London man charged for scaling fence onto soccer pitch in weekend COVID-19 bylaw sweep
In the 132 other encounters with bylaw officers, everyone else was let off with a warning
London bylaw officers issued 132 warnings this weekend and charged one man for failing to comply with provincial emergency orders meant to curb the spread of COVID-19.
The individual who was charged went over the top, so to speak. Officers allege the man scaled a fence to get onto a city soccer pitch.
"It was on a soccer field that was 100 per cent fenced and locked. The one charge that was very obvious. The only way to get on that field was to scale a fence," said Orest Katolyk, London's chief by-law officer.
Katolyk said, by contrast, the vast majority of people bylaw officers spoke to go off with a warning.
"They were mainly persons sitting on benches, taking a break from walking and cycling and such. People that are out with their children, kind of kicking a ball around and many minors who saw this as an opportunity to get out."
While some enjoyed the sunshine, others were watching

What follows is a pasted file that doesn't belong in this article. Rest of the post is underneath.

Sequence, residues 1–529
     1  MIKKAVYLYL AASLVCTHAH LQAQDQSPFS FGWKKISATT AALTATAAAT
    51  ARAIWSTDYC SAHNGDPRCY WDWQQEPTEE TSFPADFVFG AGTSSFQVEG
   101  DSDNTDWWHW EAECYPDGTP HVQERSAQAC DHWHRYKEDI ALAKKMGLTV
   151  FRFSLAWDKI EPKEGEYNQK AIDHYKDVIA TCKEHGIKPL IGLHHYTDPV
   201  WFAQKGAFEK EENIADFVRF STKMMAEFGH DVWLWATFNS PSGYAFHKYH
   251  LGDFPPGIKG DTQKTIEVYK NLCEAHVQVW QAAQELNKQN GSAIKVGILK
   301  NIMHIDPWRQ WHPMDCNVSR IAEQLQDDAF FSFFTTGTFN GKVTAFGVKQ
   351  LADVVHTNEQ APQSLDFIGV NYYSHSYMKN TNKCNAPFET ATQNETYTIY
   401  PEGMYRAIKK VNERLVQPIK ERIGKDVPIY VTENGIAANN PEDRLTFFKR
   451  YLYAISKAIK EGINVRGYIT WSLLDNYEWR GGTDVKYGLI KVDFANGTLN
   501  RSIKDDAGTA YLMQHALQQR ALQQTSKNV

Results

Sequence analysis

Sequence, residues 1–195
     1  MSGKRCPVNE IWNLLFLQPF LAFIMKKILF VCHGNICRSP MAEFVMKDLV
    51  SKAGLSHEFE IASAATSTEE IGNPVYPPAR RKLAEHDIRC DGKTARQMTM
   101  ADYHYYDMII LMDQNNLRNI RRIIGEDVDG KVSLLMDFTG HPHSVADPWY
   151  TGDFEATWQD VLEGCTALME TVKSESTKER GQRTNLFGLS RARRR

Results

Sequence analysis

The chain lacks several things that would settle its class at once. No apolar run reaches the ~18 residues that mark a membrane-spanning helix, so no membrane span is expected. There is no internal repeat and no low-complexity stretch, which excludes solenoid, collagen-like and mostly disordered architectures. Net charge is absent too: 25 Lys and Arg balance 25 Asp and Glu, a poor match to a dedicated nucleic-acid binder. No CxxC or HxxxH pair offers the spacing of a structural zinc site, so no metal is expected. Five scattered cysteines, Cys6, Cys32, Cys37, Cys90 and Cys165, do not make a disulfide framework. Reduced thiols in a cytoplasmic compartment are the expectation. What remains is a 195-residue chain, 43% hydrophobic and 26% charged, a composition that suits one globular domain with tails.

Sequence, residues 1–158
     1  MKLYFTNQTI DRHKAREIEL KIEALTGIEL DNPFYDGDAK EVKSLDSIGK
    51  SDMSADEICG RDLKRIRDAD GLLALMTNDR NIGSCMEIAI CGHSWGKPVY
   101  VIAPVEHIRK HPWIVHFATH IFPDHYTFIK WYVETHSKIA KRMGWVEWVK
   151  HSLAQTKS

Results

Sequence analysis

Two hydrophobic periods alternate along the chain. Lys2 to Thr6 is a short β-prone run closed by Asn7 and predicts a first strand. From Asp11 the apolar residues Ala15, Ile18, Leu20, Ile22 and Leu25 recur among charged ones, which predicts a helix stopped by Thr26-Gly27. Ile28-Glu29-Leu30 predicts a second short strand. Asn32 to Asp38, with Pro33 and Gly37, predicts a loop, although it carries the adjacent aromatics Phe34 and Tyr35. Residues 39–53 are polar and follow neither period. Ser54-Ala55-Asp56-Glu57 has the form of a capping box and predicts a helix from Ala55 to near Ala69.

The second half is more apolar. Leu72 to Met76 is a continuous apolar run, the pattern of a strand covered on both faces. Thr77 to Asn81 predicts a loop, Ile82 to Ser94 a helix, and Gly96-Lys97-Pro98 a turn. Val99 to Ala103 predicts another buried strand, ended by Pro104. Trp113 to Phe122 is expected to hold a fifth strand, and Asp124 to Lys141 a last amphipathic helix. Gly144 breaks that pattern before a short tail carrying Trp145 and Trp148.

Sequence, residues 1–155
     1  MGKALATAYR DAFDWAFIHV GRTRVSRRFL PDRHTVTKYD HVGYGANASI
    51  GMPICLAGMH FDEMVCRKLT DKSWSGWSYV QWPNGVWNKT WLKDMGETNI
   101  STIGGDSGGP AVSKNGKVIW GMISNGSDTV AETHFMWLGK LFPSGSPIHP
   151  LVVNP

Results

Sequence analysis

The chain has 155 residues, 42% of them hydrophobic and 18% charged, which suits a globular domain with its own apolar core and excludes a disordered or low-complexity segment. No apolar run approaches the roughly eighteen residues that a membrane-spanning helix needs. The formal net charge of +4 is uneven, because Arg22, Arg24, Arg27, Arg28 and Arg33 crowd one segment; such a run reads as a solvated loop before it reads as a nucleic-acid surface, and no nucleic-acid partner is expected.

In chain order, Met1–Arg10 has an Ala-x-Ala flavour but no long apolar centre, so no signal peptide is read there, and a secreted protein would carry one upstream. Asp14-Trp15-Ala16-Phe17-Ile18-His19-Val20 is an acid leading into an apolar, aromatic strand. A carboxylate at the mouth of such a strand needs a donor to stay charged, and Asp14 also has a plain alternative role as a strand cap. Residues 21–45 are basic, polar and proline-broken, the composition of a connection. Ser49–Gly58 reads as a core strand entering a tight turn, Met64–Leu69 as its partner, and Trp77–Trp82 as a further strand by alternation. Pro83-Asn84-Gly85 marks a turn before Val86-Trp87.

The weekend saw some of London's warmest weather of the year so far. Many people in the city went outdoors to get their first real taste of spring, but while people were taking advantage of the weather, some were watching for those who broke the rules and reported it to the city's COVID-19 hotline.
Over the 48 hours between Saturday and Sunday, bylaw enforcement received 150 complaints, an average of one complaint every 20 minutes, Katolyk said.
It brings the total number of complaints to 6,500 since the emergency orders began eight weeks ago. The city's bylaw department normally handles 8,000 complaints all year.
One of the most common complaints is people congregating in groups of five or more in city parks. Officers are able to deal with them efficiently because they've started using megaphones.
"It certainly turns heads," he said. "Where we're communicating with somebody sitting on a park bench in say, Gibbons Park, it's obvious what we're doing. So others that are sitting on benches are getting the message also and getting up and continuing to walk or cycle through the park."
Katolyk said social distancing scofflaws are more the exception than the rule in London and, for the most part, people tend to cooperate.
"People were very understanding of why we have to send the message that we're sending," he said. "There's lots and lots of compliance out there."